You know how some women spend their entire lives trying to break the glass ceiling? Well, Binta Niambi Brown is straight-up smashing it. A few years ago, the Brooklyn-resident was climbing the corporate ladder as a lawyer when she decided to switch gears and try something a little more creative. Fast forward one year later, and Binta is the co-founder and CEO of Fermata Entertainment, a development and management company operated out of Brooklyn. Even more slayage: the newly minted girl boss has also started a fan-driven label called Big Mouth Records, because that's how much of a go-getter she is.
After taking a huge risk by switching jobs and entering a new (and, let's be real, pretty male-dominated) industry, Binta's story is proof positive that playing by your own rules can lead to great things. But getting to that finish line? Kiiiiinda a process. Here are 10 ways Binta set herself up for success so that she could ditch the beaten path and start every day with a mic drop. (No, literally...she works at a record label.)
1. She put her fears on hold: "We don't have time to be afraid. I always wanted to run a music and entertainment company—it was always a bigger part of my identity than being a corporate lawyer—but I effectively suppressed that desire because I happened to be successful at something else. It was really hard to give up the income and prestige of being a lawyer, which was a lot of my identity. But you have to not be afraid to move forward."
2. She took a moment to mourn her past: "On a philosophical level, I had to mourn the ending of my old identity and give myself the space to be comfortable expressing who I am, and who I want to be. I had to not worry about people wondering if I'd lost my mind because everything was going well when I up and decided to start a music company. I had to shove those worries aside and allow myself to really come into my own."
3. She embraced her new identity (with a makeover, no less): "Even getting rid of my shoes and buying cooler, funkier clothing helped me to say, 'this is my vibe,' as opposed to following a more rigid dress code and corporate mannerisms."
4. She got comfortable with taking risks: "I had to embrace the fact that whether I like it or not, I'm an entrepreneur at heart. So, what do I do about it? I don't have a gajillion dollars to invest in a company. I'm gonna have to risk not having an income for a while. I'm going to have to expect that this won't happen over night. What are the things I'm comfortable living without?"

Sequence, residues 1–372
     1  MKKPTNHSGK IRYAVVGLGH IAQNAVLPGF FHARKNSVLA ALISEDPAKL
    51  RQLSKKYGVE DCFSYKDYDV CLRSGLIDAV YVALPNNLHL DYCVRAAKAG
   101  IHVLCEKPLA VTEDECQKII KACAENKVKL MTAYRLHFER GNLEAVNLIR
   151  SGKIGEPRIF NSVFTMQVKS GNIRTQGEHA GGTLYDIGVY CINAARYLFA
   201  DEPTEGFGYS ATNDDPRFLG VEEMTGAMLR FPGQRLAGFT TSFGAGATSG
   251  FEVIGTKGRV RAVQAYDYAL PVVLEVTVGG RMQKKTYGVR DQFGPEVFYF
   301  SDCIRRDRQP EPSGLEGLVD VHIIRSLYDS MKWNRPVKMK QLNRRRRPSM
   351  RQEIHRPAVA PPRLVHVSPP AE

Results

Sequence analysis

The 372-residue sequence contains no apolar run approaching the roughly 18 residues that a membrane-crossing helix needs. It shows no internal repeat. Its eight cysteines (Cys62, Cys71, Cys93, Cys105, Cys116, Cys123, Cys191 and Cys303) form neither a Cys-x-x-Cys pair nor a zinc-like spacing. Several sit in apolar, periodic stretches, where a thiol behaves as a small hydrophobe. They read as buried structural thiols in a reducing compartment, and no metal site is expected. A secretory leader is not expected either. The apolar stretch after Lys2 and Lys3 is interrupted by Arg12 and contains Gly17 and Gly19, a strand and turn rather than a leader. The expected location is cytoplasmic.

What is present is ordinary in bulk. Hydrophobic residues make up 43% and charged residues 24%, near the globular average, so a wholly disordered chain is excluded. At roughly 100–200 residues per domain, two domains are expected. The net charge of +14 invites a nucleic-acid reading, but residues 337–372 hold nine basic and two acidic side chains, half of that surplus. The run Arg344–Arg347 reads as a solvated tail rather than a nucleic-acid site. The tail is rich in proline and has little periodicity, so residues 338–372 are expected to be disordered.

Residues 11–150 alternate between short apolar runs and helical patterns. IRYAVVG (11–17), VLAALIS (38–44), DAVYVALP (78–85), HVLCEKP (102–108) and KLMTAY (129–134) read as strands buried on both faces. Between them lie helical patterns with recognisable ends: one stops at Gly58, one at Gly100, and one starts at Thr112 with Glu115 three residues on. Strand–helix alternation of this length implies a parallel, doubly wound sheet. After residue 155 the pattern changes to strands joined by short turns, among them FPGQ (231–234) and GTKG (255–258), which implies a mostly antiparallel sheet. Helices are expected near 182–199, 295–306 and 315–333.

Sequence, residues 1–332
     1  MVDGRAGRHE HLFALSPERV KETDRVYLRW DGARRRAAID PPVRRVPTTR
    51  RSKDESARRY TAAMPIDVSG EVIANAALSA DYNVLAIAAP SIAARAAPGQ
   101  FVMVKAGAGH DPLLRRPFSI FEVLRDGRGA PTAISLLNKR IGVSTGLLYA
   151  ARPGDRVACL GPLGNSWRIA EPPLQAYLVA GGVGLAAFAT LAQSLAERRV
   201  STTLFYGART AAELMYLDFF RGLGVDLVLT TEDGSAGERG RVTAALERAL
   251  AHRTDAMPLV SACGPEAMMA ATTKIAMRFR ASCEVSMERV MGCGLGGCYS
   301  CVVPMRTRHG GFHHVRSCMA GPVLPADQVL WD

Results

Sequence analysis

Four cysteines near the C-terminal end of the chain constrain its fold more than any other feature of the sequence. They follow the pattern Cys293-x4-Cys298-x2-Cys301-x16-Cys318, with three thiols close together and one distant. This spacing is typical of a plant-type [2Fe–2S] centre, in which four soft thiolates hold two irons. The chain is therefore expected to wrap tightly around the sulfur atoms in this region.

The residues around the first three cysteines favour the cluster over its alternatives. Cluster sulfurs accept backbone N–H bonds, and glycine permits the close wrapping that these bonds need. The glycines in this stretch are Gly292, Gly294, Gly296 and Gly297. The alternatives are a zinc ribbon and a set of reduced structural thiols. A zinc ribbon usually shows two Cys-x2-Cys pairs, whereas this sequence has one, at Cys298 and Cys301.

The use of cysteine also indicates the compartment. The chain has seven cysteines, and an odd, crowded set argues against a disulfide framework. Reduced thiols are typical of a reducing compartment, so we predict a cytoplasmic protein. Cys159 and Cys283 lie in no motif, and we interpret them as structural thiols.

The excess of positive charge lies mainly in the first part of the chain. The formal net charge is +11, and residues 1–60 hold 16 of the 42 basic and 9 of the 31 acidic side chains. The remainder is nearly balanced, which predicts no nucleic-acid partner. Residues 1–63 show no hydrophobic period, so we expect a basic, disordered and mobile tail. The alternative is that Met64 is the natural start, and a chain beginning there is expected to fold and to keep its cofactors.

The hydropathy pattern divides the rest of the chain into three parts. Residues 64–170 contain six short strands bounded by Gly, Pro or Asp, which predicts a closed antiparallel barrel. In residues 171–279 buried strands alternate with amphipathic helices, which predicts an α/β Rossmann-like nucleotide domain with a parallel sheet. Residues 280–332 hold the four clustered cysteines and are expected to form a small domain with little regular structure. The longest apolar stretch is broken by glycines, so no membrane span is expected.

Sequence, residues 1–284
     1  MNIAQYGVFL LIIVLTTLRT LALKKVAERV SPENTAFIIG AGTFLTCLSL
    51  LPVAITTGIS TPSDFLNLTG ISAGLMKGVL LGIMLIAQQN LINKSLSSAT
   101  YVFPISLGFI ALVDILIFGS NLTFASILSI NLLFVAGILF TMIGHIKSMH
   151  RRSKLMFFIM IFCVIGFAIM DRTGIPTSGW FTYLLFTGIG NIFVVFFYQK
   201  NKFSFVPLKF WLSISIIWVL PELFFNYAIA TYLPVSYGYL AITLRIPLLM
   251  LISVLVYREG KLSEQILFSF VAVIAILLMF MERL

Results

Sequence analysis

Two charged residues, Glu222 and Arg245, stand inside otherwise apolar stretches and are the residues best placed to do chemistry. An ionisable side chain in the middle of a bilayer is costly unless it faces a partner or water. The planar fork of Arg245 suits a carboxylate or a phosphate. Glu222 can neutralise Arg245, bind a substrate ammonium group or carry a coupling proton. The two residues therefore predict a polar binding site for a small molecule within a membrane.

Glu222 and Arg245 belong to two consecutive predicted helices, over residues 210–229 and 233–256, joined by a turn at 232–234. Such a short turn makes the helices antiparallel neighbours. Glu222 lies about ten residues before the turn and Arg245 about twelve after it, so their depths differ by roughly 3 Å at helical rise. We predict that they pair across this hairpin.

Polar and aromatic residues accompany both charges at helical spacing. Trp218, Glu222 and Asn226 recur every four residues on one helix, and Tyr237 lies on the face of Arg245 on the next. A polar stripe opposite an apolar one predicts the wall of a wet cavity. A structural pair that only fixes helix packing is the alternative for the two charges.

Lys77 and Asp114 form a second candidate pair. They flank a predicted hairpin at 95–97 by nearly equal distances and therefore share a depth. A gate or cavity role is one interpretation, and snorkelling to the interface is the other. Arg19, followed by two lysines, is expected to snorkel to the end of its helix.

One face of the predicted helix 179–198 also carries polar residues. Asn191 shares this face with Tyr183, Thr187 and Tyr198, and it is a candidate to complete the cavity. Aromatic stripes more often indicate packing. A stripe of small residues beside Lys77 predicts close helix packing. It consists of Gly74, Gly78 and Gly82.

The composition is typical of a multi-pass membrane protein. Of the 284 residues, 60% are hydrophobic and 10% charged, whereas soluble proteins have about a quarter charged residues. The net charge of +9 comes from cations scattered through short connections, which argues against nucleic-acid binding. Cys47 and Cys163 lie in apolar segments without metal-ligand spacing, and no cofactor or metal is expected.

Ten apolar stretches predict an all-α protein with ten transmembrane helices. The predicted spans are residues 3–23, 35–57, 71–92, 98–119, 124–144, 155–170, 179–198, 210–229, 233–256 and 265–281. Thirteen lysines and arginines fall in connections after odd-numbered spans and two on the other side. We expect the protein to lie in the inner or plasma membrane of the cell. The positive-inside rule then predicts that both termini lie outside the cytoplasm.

5. She embraced the fact that changing jobs is (spoiler alert) a 24-hour job: "Every single second of my day is consumed with making my company work, servicing my artists, listening to music, thinking strategically, meeting new teammates—every minute of the day is geared toward building a successful company."
6. She took time to learn her new field: "I didn't jump right into it. I spent a year doing a research fellowship at Harvard to study new business models. But the scary thing is, you don't know how much you know until you start doing it."
7. She accepted criticism: "I don't internalize it. A lot of the time, the things people say to you have more to do with what's going on with them than with you personally. Occasionally I forget that, but I always try to listen, because usually there's something in there I can learn from."
8. She leaned on mentors, but didn't follow in their exact footsteps: "Mentorship is incredibly important, whether it's taking council from retired and current music execs, peers who are entrepreneurs themselves, or friends. I want to learn everything I possibly can, but at the same time I have to be mindful that I'm not trying to do things exactly the way they've been done before."
9. She refused to be defined by her doubts: "We all have fears and doubts. I work hard to not allow myself to be defined by my doubts, insecurities, and fears. I want to be aware of them, but not allow them to become obstacles. It's easier said than done."
10. She turned sexism and racism on their heads: "In some respects, I actually see my gender and race as an advantage. Not from the perspective of it making things easier, but from the perspective of, 'I know I have to work 150 to 200 percent harder in order to make this happen.' I like having my feet held to the fire, because I know the company's going to be that much better and that our ideas are going to be smarter. I don't think of it as being a disadvantage—I think of it as being a challenge."
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